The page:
Friday, 25 March 2011

ACW Positional Defence - Part 1

There are many great wargaming books out there and one of the best is Charles S Grant’s Scenarios for Wargames (1981).   A little while ago, my brother was keen to try out the free ACW rules Cold Harbour (from freewargamesrules) and so we decided to use the Positional Defence scenario to do this.  This is our version of the scenario map, done in MappingBoard.
The main idea of the scenario is that the defender (Union) has to fight off a determined Rebel attack and retain control of two of the three marked positions by the end of the game, comprising the villages A and B, and redoubt C. 

The scenario requires that the Rebels start on the baseline and Union troops cannot start further forward than village A.  Forces, modified from the scenario book, were as follows:

     Union                                 Confederate
4 regiments                             8 regiments
3 batteries                               2 batteries

The Union forces (mine) appeared to be a bit outnumbered but on the other hand had the benefit of a strong defensive position (and 3 redoubts to hide behind).

We played the game on our usual 6x4 ft table and it gave us a chance to give our old plastic 20mm Airfix/Revell/Esci troops an airing.  Also, all of our terrain is entirely home made and is the product of concerted effort over the last three and a half decades.  We’ve been through a lot together so it’s always nice to see them on the battlefield again!

Starting dispositions, viewed from the Union right flank, are shown on the following photo.

 I decided to spread the Union forces quite evenly with a battery in each redoubt and with one regiment placed midway between villages A and B, one regiment behind village A and two regiments placed to defend the gap between village A and redoubt C.  This was where I thought the rebels would try to get behind village A and/or isolate redoubt C. 

The Rebel forces were placed along the baseline, and as one might suspect, were concentrated on my centre-left opposite the gap between village A and redoubt C.  In addition, the crafty Rebels had placed some troops ready to infiltrate the woods on my far left flank.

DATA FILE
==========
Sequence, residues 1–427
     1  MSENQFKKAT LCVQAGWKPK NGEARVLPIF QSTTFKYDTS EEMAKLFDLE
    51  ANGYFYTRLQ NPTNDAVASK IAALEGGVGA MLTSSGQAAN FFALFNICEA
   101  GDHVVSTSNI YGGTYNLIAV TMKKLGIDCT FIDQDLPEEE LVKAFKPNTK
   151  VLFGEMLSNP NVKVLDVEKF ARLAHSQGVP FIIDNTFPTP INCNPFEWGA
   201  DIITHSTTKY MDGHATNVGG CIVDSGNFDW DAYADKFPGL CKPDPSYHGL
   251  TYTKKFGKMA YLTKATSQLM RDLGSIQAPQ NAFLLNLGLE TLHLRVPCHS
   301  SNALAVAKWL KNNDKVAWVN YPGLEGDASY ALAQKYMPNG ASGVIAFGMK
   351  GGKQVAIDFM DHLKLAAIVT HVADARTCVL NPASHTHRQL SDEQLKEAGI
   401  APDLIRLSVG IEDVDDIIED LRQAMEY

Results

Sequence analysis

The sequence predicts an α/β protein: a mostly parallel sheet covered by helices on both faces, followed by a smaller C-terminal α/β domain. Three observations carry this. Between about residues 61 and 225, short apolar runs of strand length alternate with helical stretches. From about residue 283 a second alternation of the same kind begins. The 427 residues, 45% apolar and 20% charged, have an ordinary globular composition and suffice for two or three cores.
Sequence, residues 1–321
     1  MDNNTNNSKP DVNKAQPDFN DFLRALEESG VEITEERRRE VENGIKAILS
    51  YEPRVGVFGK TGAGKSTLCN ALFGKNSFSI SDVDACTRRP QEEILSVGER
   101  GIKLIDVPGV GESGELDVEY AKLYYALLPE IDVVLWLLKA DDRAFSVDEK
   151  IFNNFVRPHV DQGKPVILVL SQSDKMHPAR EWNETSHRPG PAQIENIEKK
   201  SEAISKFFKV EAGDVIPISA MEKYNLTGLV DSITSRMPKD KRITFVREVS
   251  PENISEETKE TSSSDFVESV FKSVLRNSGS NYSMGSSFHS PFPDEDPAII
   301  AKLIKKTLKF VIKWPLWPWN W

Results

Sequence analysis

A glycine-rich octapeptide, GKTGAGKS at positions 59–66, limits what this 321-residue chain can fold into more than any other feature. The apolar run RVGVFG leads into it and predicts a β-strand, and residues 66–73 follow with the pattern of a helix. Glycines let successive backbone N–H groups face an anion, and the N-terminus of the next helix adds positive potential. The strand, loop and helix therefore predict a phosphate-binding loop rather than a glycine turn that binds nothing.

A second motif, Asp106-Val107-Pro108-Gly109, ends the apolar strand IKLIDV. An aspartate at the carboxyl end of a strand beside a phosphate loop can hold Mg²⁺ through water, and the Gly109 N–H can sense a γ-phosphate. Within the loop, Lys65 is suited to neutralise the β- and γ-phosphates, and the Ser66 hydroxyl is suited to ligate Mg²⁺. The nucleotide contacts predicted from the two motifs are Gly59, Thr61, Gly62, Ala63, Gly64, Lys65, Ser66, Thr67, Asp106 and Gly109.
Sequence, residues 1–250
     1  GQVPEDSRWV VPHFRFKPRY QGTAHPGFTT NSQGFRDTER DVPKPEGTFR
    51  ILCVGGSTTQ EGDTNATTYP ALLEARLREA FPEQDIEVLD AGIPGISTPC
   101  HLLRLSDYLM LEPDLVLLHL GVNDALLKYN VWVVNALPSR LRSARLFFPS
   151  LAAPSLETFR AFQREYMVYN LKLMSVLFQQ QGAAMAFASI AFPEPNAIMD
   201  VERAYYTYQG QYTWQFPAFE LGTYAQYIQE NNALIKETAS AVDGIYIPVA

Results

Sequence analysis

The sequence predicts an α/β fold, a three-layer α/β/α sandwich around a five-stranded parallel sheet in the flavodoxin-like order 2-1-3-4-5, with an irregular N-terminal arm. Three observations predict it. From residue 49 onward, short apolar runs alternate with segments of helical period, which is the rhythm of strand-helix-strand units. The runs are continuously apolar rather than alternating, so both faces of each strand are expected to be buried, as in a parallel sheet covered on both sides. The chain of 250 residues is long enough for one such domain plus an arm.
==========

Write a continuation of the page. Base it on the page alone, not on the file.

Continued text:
The battle report will follow in the next post.

Friday, 18 March 2011


I can’t remember who I got the link from (freewargamesrules, I think) but I recently discovered some free (donationware) wargame mapping software called MappingBoard.

As I’m currently based somewhere remote (more of that another time) I’ve had the time to teach myself the basics of making maps with it.  It took me about 30 minutes of mucking about until I came up with the effort shown here.  I have to say that I’m absurdly pleased with it and would highly recommend this nifty piece of software.  It's very useful because you can, for example, import textures to fill certain terrain types (standard ones are shown here) and once you have created a feature you can save it for use again on another map, which is very handy if you have terrain pieces of certain shapes you use regularly.
I'd been looking around for a quick computer based map making system since coming across the simple yet elegant Magna Graecia wargame campaign system a few years ago (and slowly fighting a DBM campaign to a standstill with it),   If you check the Magna Graeca link, you’ll see that movement on the campaign map is between ‘nodes’ and for each node, there is a link to a unique battle map.